These Raspberry Pi Zero-powered hands are passive-aggressive
This art installation features robot hands controlled by Raspberry Pi Zero WH. Social media determines which actions the hands carry out.
Artist Alex Frost created this piece, called Passive Aggression. He installed several animatronic hands that respond to social media data by making different gestures.
How does it work?
Stepper motors move the hands, and Raspberry Pi Zero WH reads social media data to tell the motors how they should make them move.
Tweets, Instagram stories, and Facebook posts from eight selected commercial companies are converted into a digital and robotic sign language. The movement of each finger is determined by social media data including likes, follower counts, and views.
The idea is that the installation makes the private language of social media public when the hands act it out.
All of the Raspberry Pi Zeros are wearing a SparkFun Servo pHAT, which lets you control up to 16 servo motors via an I2C connection. The Servo pHAT is the same size and form factor as a Raspberry Pi Zero, so it all looks nice and neat.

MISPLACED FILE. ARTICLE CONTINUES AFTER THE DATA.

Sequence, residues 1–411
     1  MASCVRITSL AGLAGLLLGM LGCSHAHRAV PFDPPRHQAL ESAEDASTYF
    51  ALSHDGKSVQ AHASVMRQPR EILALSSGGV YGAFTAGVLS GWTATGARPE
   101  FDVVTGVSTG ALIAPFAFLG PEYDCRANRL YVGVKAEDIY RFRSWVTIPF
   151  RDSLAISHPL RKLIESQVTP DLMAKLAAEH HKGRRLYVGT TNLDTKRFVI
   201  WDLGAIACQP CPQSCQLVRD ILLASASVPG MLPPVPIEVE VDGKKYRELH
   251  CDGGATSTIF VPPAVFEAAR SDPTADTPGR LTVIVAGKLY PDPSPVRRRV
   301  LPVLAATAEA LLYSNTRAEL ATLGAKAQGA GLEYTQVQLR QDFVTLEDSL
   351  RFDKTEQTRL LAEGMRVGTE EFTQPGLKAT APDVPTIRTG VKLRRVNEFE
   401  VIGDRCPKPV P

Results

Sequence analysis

A tiny little Adafruit PiOLED provides an appropriately compact display for this Raspberry Pi Zero project.
The deep and meaningful bit
I’ve done my best to explain the tech powering this installation, but I’ll leave the artist himself to convey the meaning behind it:
“Passive Aggression explores the reverberations and merging between the physical and virtual. In particular the way that patterns of online consumption have been combined with our physical lives, shaping our relationship to our working and living environments.”Alex Frost
Alex is from London and has had his work shown in Canada, all across the UK, and at the 2009 Venice Biennale.
Check out more of Alex’s visual art at alexfrost.com. You can also follow him on Instagram or subscribe to his YouTube channel.
This is great! The bandages on the fingers made me laugh and I like the creepiness of the movement. It’s great to see how artists like Alex are using Raspberry Pis in their work. I’d love to see more articles like this.
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